Tuesday, October 7, 2014


Carolyn Dinshaw suggests in “Pale Faces: Race Religion, and Affect in Chacer’s Texts and Their Readers” that in The Man of Law’s Tale is a belief that the color of your skin had a direct correspondence with the religion that you practiced. This perceived relationship was paleness/whiteness with Christianity and a non-whiteness with Islam. This relationship between skin and the body with religious faith is present in Stronghold Crusader, an R.T.S. (real time strategy) videogame, set during the crusades.
In the 50 mission campaign of Stronghold Crusader, the gamer is presented both European and Arabian opponents to overcome. While playing the game, these enemies will dialogue with you, appearing in the right hand corner of the screen so you can see them as they speak. Though there is no relationship between the bodies of the European opponents and Christianity, there is a relationship between the bodies of the Arabian opponents and Islam, which effects the threat that these opponents pose the player.
Though the context of the games is the crusades, there is an interesting absence of religious imagery or reference in the game. The gamer may assume that the Arabian characters are Muslim and that the European characters are Christian, but this distinction is almost never explicitly made within the game. There is only one character within this game that has been given any explicit, religious context, The Caliph.
This title, caliph, has a particular religious significance. A caliph was a political and religious leader who ruled in accordance to Islamic law. After the death of Muhammad this was the title given to the political leaders who succeeded him as the rulers of the Islamic state (the caliphate). The character, The Caliph, is extremely aggressive, whether he is fighting against you or fighting along side you. His military strategy is brutal: he is one of the few characters to throw boiling oil over his walls on attackers, and is the only character who will put pitch on the ground to light enemies on fire if they come too near his walls. He is cruel in his economic strategy as well, using the games negative aspect of its “fear factor” system to bully his civilians into working harder by building dungeons, stocks, and various torture devices to frighten them. When he speaks he issues threats and insults in his dialogues with the player.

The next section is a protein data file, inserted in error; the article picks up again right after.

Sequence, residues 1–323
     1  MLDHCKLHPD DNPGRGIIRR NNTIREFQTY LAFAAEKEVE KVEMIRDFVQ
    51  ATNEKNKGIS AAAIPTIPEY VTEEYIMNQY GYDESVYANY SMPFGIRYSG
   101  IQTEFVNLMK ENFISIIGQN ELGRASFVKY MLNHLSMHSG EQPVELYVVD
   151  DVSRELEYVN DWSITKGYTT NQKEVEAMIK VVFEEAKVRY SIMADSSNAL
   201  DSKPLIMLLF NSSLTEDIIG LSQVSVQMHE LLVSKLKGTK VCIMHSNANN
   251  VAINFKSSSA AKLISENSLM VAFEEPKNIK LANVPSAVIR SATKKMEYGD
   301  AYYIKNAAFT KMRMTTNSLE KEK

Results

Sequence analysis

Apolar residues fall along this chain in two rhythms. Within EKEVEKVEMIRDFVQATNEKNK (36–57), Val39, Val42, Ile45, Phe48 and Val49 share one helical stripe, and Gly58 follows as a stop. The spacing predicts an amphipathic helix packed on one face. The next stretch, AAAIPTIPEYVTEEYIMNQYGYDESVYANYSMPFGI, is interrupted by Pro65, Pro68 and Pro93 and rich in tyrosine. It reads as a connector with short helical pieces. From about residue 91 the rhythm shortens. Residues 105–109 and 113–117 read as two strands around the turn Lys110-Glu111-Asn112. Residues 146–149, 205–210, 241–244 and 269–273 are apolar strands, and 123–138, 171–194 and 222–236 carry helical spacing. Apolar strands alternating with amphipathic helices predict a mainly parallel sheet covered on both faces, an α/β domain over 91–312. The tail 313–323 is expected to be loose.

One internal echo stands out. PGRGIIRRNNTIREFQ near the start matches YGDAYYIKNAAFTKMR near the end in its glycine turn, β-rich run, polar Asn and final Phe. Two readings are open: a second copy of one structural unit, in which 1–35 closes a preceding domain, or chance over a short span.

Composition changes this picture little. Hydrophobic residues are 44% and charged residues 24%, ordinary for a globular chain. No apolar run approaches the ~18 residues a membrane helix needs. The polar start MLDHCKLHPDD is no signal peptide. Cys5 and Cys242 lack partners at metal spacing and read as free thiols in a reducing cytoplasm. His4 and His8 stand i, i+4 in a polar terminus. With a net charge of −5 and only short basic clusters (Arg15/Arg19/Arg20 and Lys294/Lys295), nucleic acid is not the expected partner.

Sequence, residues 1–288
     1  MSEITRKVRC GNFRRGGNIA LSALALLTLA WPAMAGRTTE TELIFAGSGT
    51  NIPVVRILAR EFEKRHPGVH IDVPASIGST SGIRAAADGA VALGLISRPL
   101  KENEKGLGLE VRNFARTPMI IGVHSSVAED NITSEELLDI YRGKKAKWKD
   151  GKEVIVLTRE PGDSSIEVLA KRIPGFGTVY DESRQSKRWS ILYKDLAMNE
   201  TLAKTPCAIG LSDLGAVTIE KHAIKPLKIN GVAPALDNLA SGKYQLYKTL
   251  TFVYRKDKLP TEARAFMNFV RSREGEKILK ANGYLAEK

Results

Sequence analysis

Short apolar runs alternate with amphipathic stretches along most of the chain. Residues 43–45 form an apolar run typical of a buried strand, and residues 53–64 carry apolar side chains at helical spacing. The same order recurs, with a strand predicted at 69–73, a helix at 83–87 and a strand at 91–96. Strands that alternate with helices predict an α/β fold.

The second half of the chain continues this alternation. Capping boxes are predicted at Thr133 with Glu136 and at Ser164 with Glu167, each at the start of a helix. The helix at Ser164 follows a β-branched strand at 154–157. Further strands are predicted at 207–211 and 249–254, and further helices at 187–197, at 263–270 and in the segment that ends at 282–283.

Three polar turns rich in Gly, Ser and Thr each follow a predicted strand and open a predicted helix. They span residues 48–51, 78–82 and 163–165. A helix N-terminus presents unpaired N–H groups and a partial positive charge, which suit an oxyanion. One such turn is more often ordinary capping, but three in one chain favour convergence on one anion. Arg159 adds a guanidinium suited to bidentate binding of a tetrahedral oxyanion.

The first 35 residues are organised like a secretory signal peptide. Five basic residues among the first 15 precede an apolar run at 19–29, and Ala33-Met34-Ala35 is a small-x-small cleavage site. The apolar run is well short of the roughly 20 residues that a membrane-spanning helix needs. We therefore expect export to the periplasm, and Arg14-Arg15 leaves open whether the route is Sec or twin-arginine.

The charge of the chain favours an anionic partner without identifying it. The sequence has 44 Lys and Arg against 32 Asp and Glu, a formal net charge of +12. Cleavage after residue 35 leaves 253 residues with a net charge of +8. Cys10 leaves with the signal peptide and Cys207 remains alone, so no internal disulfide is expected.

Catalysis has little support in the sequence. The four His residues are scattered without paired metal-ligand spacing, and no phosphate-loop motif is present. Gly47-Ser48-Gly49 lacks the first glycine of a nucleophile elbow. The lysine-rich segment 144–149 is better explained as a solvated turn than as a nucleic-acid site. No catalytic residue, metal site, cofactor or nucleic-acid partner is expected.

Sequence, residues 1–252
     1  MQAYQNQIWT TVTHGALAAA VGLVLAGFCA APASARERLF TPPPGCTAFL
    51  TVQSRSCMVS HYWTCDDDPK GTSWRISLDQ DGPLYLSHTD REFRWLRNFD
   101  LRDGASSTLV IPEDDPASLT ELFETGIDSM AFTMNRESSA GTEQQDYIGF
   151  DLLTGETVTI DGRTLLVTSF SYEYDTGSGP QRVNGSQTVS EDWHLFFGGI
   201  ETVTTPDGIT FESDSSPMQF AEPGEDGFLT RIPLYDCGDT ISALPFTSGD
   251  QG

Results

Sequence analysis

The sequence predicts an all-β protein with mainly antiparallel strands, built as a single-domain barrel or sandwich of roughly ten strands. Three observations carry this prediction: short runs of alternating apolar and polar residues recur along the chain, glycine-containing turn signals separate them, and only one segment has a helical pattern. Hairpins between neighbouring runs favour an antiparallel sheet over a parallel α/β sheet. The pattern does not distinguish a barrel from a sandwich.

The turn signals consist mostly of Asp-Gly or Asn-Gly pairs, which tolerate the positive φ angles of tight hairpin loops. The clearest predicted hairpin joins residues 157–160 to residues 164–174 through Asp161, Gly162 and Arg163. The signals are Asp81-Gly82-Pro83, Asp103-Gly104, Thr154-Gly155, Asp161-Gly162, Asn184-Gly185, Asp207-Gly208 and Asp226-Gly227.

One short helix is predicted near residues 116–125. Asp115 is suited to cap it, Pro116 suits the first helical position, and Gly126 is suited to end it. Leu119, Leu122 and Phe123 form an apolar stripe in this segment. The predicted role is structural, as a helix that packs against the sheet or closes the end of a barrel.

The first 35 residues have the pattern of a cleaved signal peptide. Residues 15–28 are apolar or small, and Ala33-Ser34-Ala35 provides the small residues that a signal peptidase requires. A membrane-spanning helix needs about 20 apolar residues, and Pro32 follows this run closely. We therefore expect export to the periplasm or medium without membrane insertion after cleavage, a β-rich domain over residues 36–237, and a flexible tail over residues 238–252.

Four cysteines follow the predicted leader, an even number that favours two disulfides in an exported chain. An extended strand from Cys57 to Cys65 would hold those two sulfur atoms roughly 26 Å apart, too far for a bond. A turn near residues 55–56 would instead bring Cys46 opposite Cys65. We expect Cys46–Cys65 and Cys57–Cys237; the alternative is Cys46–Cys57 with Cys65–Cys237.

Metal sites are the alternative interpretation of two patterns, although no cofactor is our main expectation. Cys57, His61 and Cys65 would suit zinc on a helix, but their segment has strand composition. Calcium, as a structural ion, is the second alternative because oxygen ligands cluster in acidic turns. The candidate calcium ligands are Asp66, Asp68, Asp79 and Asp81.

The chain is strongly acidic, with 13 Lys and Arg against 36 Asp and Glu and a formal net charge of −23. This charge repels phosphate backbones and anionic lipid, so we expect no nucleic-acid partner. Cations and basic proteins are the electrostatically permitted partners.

This aggression makes The Caliph a very formidable opponent to the gamer. Whenever we see him on the screen as he speaks, we see that his body is incredibly dark. The gamer can see his dark body as he threatens violence and refers to the gamer as “infidel”. He is always in a posture of aggression, wielding a sword, shaking his fist, or glaring.
The Caliph contrasts dramatically with only other non-historically specific, Arabian character, The Sultan. This title, sultan, is a title that also denotes a position of leadership but has a more secular context than the title of caliph. The Sultan is an extremely agreeable character, both as an ally and, amusingly, as an enemy. The majority of The Sultan’s dialogue is poetic, featuring naturalistic metaphor and analogy. He is never rude or aggressive in his address regardless of whether he is working with you or against you. Likewise the Sultan’s economic strategy reflects his good nature; he uses the positive dynamic of the game’s “fear factor” system to build flowerbeds and statues to increase his popularity with his people.  
The Sultan is very peaceable, and as such, is a much easier enemy for the gamer to battle against. In every dialogue with The Sultan, his body is much lighter in comparison to the body of The Caliph just as the threat he poses is much lighter. His light body is always relaxed, he gesticulates in a friendly manner, and his body is always framed in a peaceful setting.
The bodies of these characters are a reflection of the threat that these characters pose to the gamer. Through his title, the character The Caliph has been framed in a religious context, whereas the Sultan has nothing that explicitly ties him to what we may infer is his faith. This religious affiliation has a direct relationship to the respective darkness and lightness to the Muslim bodies of these persons within Stronghold Crusader. Just as in The Man of Law’s Tale, we see a direct relationship here between the body and religious faith.

https://www.youtube.com/watch?v=O1z5gjCqXvI- The Caliph
https://www.youtube.com/watch?v=q7Vfi224668 - The Sultan

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